Fake news is not new. In 1835, the New York Sun reported the discovery of batlike creatures on the moon, leading to record sales of the paper at 19,000 copies daily.
“Lunar animals and other objects Discovered by Sir John Herschel in his observatory at the Cape of Good Hope and copied from sketches in the Edinburgh Journal of Science.” An illustration for The New York Sun, credited to Benjamin Day, 1835. Source: Library of Congress, Prints & Photographs Division
With the internet today, fake news has the ability to reach millions within minutes. Against this new digital media backdrop, the role of the trusted content curator has become even more important. To remain or become that trusted content curator, financial professionals must learn to identify fake news sites which may include hoax sites, satire sites or clickbait sites that rely on sensational headlines and half truths to attract click-throughs.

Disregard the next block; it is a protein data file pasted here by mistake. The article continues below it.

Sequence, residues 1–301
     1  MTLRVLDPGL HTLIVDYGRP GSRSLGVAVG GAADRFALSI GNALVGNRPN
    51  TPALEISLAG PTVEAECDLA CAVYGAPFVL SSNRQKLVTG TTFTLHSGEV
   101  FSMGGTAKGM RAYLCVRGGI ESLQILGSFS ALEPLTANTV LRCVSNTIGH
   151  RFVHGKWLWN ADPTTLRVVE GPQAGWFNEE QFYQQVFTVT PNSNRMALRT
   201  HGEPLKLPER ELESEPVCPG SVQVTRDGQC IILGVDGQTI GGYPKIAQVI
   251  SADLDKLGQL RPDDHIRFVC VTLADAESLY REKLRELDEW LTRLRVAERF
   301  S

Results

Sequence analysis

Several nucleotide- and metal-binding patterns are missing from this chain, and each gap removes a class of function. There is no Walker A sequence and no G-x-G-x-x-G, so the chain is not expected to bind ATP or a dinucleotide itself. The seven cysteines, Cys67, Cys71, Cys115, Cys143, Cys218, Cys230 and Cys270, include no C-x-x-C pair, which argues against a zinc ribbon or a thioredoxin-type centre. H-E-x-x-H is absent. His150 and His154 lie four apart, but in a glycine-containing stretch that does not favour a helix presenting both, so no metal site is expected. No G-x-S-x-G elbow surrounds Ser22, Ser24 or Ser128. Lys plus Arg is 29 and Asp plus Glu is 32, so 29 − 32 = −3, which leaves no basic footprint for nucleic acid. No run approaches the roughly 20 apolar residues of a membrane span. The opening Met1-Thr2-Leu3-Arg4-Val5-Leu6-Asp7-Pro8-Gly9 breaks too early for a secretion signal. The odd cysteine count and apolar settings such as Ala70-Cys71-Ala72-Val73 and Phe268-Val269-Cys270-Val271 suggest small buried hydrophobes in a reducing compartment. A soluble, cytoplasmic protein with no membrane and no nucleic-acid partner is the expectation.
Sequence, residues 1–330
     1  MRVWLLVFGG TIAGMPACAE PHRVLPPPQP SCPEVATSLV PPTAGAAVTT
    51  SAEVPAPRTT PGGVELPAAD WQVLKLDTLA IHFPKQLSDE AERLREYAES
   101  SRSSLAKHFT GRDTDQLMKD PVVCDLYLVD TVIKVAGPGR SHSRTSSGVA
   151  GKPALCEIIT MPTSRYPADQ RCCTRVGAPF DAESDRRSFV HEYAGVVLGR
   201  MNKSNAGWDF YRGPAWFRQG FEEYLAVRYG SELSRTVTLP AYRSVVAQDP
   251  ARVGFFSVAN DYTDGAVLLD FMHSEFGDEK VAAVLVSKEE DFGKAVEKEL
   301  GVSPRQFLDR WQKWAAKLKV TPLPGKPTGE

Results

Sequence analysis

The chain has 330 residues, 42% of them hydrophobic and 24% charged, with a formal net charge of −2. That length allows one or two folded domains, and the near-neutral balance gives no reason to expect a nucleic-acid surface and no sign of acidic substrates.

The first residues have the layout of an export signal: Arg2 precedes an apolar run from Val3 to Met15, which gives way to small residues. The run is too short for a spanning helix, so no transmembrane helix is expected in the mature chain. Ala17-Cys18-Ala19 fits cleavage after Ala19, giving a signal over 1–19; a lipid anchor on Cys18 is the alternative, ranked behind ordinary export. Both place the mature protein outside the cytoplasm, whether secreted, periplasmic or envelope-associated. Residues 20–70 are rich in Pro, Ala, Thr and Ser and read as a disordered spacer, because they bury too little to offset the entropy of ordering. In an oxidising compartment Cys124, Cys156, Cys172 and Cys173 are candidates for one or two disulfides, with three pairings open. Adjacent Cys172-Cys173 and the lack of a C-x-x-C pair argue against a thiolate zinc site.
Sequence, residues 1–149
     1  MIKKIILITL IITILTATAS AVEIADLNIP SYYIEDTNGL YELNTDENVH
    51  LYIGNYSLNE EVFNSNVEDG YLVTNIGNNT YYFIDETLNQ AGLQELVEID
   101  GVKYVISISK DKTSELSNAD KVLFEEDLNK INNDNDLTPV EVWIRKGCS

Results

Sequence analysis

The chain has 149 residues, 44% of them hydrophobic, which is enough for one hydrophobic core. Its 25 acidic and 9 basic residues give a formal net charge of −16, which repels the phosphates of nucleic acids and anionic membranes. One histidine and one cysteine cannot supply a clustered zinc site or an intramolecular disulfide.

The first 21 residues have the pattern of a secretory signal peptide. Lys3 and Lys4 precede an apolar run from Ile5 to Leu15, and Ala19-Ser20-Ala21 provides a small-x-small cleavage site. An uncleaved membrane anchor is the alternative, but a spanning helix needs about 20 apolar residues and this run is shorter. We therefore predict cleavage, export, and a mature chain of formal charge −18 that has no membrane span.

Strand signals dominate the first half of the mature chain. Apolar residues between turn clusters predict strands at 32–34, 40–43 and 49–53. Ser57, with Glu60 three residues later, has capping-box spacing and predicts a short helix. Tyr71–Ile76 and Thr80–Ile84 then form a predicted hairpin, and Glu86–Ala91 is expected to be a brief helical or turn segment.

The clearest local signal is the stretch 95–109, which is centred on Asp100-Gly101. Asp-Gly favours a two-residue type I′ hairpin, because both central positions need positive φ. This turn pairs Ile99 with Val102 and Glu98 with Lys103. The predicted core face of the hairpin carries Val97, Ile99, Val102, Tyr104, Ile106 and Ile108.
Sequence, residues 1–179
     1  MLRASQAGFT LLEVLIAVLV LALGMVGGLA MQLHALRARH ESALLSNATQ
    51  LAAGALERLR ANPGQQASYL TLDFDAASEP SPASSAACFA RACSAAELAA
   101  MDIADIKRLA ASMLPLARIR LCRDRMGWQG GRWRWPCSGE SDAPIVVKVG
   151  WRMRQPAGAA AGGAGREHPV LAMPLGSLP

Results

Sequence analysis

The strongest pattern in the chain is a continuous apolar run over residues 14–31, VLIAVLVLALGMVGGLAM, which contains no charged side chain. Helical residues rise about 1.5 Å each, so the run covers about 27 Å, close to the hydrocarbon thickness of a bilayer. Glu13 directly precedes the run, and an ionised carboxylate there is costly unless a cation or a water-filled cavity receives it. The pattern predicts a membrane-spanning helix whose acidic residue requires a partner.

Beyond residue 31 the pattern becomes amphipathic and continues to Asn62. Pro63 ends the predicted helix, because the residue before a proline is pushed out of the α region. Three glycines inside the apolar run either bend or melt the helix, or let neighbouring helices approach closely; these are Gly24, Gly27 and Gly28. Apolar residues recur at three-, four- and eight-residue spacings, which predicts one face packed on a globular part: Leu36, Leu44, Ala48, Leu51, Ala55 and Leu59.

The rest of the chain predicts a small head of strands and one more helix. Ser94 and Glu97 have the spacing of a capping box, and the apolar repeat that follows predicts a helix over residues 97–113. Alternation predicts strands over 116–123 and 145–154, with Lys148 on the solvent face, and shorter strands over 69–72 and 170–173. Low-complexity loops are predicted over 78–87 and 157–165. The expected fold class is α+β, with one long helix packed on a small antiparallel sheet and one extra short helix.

Melissa Zimdars, a media professor at Merrimack College in Massachusetts, offered some useful tips on in a cheat sheet on identifying fake news sites:
“1. Avoid websites that end in “lo” ex: Newslo. These sites take pieces of accurate information and then packaging that information with other false or misleading facts (sometimes for the purposes of satire or comedy)”
“2. Watch out for common news websites that end in .com.co as they are often fake versions of real news sources (remember: this is also the domain for Colombia!)”
To see the rest of her tips, see cheat sheet posted at http://bit.ly/2ezvFbV
In addition to learning to identify a fake news site, it would also be useful to review these lists of fake news sites:
1: CBSNews.com | CBS News is the news division of American television and radio service CBS
2: Snopes.com | A rumor research site
3: OpenSources.co | A curated resource for assessing online information sources, available for public use
4: Wikipedia.org | A community-edited online information resource
– By InvestmentPal